Monument to the Victims of the USS Maine (Havana)

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The monument around 1930.

The Monument to the Victims of the USS Maine (Spanish: Monumento a las víctimas del Maine) was built in 1926 in on the Malecón boulevard at the end of Línea street, in the Vedado neighborhood of Havana, Cuba, built in honor of the American sailors that died in the explosion of the USS Maine in 1898, which served as the pretext for the United States to declare war on Spain thus starting the Spanish-American War. The ship had anchored at Havana three weeks prior at the request of American consul Fitzhugh Lee.

Built in 1926 the monument was crowned with an American eagle which had its wings extended vertically, which allowed a cyclone to damage the monument.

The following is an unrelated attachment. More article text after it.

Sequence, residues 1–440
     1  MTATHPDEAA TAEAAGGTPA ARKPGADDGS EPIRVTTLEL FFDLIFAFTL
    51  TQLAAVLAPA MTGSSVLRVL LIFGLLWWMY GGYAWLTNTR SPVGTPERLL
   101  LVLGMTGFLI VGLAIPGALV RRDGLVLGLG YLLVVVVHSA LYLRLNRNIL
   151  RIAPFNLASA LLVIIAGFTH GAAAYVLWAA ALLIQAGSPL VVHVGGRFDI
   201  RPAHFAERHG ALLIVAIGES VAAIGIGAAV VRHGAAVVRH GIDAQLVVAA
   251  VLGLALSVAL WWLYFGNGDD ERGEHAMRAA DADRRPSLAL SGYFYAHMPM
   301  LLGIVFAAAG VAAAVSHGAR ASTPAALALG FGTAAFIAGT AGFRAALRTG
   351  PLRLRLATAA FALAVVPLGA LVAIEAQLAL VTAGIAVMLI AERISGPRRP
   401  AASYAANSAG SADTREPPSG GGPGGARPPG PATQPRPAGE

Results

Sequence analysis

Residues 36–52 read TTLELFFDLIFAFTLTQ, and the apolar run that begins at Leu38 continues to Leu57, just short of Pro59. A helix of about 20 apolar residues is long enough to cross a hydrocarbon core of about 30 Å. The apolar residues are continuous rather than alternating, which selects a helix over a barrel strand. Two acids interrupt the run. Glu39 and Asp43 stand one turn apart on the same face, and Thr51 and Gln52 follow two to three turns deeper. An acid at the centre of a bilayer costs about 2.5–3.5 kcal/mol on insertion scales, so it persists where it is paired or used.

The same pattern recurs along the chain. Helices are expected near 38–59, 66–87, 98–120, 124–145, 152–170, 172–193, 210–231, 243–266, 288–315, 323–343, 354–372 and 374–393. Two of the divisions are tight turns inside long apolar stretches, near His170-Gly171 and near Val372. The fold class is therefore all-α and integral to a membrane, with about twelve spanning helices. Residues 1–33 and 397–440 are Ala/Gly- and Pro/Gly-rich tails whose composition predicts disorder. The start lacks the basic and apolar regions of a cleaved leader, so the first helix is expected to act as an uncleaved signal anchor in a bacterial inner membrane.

There were originally three busts of Americans: President William McKinley, who declared war on Spain; Leonard Wood, first military governor in Cuba, and President Theodore Roosevelt.

On 18 January 1961, after the Cuban revolution, the eagle and busts of the Americans were removed. The following inscription was added:

To the victims of the Maine who were sacrificed by the imperialist voracity and their desire to gain control of the island of Cuba
February 1898-February 1961

(A las víctimas de El Maine que fueron sacrificadas por la voracidad imperialista en su afán de apoderarse de la isla de Cuba.
Febrero 1898-Febrero 1961

The monument today

Other monuments to the USS Maine are located in the U.S. including: Columbus Circle in New York City; Key West; Arlington National Cemetery; and Annapolis. (See USS Maine: Memorials)